• And at the same time, it tries to maintain its position

  • above the magnet,

  • and therefore, it creates those amazing-looking

  • structures of channels and tiny little ponds

  • of colorful water paint.

  • So that was the second project.

  • Let me now turn to the last project,

  • which involves

  • the national beverage of Scotland.

  • (Laughter)

  • This image, and also this one,

  • were made using whiskey.

  • Now you might ask yourself,

  • how did he do that?

  • Did he drink half a bottle of whiskey

  • and then draw the hallucination he got

  • from being drunk onto paper?

  • I can assure you I was fully conscious

  • while I was taking those pictures.

  • Now, whiskey contains 40 percent of alcohol,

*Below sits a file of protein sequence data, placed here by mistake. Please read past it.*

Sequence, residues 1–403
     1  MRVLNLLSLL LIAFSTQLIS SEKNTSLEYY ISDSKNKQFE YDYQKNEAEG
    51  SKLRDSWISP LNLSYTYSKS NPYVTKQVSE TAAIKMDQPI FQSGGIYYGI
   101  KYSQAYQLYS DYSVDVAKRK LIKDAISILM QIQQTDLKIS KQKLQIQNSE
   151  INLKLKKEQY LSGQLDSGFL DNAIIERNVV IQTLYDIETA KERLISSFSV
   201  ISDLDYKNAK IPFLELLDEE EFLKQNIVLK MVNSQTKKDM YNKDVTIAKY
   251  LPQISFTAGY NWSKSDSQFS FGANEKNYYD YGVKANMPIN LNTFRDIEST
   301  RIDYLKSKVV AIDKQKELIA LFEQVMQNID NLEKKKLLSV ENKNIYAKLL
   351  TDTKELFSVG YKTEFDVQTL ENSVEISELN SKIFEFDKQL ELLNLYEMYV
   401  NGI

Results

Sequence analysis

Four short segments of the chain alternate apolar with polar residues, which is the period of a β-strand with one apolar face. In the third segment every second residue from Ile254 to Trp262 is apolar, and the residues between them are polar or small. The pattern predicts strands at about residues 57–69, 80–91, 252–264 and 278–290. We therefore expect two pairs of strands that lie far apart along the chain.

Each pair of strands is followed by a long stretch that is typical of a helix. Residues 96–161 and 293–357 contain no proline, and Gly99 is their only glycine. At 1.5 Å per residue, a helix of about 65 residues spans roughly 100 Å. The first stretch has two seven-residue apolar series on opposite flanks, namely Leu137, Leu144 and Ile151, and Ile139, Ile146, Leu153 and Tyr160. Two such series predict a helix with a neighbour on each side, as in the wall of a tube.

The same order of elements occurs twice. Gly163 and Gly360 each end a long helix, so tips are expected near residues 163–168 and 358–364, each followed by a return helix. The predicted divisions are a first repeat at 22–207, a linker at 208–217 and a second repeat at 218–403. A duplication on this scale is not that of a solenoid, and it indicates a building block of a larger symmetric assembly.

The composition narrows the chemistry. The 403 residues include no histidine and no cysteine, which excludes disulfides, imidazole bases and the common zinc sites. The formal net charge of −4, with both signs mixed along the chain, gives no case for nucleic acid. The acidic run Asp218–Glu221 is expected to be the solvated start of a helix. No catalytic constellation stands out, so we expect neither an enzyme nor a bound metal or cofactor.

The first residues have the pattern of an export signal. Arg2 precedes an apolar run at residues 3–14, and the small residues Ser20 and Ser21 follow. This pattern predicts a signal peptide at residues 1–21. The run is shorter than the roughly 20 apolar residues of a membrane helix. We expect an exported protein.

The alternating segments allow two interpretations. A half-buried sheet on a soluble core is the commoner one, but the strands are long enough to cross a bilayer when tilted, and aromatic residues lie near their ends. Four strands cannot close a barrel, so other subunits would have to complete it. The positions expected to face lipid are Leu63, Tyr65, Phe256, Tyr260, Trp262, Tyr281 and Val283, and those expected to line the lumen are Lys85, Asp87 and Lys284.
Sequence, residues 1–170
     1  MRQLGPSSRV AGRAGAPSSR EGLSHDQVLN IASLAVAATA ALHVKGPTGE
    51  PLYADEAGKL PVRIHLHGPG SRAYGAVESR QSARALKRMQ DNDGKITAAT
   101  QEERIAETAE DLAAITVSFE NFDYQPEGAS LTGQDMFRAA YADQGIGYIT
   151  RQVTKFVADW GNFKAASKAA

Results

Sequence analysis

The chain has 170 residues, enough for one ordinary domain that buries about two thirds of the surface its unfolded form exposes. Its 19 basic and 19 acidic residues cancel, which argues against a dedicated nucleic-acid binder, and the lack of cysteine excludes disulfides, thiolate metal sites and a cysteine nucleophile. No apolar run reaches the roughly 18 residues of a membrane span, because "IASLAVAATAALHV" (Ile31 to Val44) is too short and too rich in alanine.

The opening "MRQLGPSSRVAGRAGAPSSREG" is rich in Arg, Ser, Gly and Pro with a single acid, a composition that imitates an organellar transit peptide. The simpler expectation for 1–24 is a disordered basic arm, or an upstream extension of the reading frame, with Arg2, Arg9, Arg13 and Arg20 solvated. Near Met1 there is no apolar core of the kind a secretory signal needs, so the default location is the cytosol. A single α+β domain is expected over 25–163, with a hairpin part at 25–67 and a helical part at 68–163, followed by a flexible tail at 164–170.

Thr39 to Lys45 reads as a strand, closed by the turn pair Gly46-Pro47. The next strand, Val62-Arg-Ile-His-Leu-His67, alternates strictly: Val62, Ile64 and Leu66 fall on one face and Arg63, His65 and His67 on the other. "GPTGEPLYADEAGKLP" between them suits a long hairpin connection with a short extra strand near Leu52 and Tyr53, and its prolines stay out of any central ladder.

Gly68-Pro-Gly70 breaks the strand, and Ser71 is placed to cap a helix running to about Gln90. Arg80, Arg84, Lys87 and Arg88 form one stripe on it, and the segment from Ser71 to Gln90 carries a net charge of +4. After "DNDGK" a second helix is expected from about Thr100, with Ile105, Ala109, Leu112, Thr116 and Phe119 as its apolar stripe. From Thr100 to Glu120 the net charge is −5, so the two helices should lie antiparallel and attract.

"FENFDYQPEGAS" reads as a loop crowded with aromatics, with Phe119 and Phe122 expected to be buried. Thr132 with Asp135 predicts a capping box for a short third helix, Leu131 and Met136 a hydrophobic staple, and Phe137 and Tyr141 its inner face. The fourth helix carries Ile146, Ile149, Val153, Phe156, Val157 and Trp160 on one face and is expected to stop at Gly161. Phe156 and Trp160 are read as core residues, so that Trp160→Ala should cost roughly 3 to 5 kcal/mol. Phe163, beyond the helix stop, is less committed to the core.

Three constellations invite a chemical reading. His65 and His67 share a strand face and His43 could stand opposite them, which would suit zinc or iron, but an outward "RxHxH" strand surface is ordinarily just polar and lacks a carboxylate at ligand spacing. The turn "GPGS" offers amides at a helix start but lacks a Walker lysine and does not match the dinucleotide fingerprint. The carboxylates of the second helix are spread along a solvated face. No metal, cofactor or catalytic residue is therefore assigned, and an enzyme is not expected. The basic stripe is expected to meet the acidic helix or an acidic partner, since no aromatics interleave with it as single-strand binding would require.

• and alcohol has got some very interesting properties.

  • Maybe you have experienced

  • some of those properties before,

  • but I am talking about the physical properties,

  • not the other ones.

  • So when I open the bottle, the alcohol molecules

  • would spread in the air,

  • and that's because alcohol is a very volatile substance.

  • And at the same time, alcohol is highly flammable.

  • And it was with those two properties

  • that I was able to create the images

  • that you're seeing right now.

  • Let me demonstrate this over here.

  • And what I have here is an empty glass vessel.

  • It's got nothing in it.

  • And now I'm going to fill it with oxygen

  • and whiskey.

  • Add some more.

  • Now we just wait for a few seconds

  • for the molecules to spread inside the bottle.

  • And now, let's set that on fire.

  • (Laughter)

  • So that's all that happens.

  • It goes really fast, and it's not that impressive.

  • I could do it again to show it one more time,